DWJ: The Howl Books

This is yesterday's post, published today!  I've been working on a big event at Sandbox to Socrates, our classical education group blog.  All this week we are publishing a ton of stuff about science (go check it out!  I put a lot of work into that!).  I spent most of the weekend getting everything prepared for it, and I think my brain started to trickle out my ears by the end, so I haven't been able to do as much DWJ obsessing as I wanted.  So: on to the Howl books.

Wizard Howl, easily the most popular DWJ character ever.  Vain, charming, cowardly, an incurable slitherer-outer, and a pretty lovable guy anyway, he does show up when needed.  DWJ always said that there were legions of young women wanting to marry him, which she could not understand and neither can I, but he sure is a lot of fun to read about.

Howl's Moving Castle is the most famous of the three, and was made into a movie, but the other two are really great too.  Howl is in them, but each time he's in disguise and the focus is really on other people.  In Castle in the Air, Abdullah (a humble carpet-seller) discovers to his horror that his daydreams are coming true at him.  Now he has to rescue his true love, Flower-in-the-Night, who isn't anything like he dreamed of--she's way better.  Then there is House of Many Ways, which I really love because Charmaine is so oblivious and so awesome once she gets going.  Her dream is to be the king's librarian, but that turns out to be a much different prospect too.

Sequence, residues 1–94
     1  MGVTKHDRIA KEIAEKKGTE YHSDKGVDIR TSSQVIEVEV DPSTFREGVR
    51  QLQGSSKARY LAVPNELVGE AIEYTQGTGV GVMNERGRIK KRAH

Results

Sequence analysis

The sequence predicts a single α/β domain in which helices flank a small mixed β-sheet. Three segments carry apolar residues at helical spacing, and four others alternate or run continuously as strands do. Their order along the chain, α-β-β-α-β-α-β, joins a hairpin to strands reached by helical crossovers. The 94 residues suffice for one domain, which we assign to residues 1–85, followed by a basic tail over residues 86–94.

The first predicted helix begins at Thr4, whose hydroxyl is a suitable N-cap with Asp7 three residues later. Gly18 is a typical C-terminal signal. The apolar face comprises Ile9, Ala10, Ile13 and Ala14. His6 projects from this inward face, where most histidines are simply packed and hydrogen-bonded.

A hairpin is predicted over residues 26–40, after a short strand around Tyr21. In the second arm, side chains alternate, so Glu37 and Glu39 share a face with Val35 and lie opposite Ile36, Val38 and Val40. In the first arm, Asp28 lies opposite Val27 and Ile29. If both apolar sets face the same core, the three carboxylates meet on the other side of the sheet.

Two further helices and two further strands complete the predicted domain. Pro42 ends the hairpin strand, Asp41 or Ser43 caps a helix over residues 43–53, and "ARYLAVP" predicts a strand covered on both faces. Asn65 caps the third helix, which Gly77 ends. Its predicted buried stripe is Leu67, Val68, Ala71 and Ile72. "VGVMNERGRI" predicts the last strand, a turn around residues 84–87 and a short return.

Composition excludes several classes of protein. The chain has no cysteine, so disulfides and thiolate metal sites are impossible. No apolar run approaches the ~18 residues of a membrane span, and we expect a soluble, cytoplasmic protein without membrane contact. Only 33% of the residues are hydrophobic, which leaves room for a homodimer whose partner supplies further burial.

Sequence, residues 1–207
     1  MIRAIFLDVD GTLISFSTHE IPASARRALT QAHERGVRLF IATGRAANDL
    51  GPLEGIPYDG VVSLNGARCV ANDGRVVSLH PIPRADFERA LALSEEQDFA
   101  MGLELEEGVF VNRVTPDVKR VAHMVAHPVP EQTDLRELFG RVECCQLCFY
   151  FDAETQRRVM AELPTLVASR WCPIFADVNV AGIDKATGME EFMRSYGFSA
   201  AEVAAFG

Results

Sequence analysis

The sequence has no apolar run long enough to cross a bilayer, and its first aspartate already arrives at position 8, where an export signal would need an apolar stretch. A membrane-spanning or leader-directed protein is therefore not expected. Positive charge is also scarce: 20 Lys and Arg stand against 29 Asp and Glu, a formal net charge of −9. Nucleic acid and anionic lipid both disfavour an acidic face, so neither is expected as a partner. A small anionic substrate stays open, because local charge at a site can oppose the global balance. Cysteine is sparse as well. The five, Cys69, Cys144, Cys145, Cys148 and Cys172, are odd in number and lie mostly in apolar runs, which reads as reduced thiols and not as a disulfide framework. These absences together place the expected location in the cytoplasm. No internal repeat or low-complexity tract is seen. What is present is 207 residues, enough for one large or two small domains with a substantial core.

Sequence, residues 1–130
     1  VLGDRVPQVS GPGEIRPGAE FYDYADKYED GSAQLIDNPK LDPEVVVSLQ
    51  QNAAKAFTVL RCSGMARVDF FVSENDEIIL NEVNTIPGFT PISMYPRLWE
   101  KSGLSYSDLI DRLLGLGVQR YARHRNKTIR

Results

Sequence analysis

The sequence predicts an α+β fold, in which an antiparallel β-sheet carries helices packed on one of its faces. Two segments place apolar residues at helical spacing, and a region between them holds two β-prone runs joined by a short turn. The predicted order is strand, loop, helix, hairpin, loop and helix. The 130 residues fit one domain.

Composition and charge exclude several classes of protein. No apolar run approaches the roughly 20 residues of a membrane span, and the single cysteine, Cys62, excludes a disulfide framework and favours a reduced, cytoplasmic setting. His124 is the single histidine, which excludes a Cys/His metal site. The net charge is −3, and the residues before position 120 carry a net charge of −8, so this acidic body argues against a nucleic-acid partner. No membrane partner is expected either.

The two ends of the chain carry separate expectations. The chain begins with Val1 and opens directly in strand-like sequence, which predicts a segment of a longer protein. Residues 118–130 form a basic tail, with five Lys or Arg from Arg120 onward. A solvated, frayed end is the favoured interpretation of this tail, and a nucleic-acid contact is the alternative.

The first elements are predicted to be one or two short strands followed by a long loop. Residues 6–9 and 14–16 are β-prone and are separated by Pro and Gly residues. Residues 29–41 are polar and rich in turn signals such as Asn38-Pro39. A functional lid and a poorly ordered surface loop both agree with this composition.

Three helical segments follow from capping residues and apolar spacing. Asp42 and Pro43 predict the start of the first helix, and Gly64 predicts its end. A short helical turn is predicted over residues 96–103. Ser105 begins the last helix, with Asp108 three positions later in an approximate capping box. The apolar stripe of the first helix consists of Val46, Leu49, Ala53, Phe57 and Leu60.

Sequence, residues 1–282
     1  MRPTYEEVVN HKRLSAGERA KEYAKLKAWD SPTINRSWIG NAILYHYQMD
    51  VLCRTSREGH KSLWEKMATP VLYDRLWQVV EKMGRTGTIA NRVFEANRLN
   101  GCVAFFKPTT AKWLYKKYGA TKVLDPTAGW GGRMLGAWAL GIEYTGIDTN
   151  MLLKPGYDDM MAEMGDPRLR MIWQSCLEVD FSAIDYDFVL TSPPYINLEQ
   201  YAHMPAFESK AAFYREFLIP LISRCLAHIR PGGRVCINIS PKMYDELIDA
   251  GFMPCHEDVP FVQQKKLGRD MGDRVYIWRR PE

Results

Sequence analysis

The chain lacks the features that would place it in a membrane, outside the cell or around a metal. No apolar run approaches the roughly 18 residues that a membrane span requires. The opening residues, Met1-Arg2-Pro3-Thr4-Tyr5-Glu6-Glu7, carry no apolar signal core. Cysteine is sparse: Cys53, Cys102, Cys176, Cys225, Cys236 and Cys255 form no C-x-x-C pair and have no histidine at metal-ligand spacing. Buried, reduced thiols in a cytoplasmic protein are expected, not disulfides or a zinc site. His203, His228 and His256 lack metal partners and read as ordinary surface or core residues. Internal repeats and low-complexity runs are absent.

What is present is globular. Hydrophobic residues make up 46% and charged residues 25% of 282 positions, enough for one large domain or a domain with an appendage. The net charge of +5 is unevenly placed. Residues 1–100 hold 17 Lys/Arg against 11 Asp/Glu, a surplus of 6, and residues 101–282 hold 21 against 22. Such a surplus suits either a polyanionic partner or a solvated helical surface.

Guess what--Calcifer's saucepan song is a real song!  I love that.  Here you go:


  1. Ha! Legions of young women are insane, and I say that as someone who is very fond of Wizard Howl and rereads Howl's Moving Castle all the time. He'd be dreadful to marry.

  2. I think it's interesting that DWJ envisaged Howl (and Sophie) in so many drastically different scenarios. The Chrestomanci books all kind of end up having the same issues and solutions but these are barely connected.

    And no, I wouldn't marry Howl either. :)


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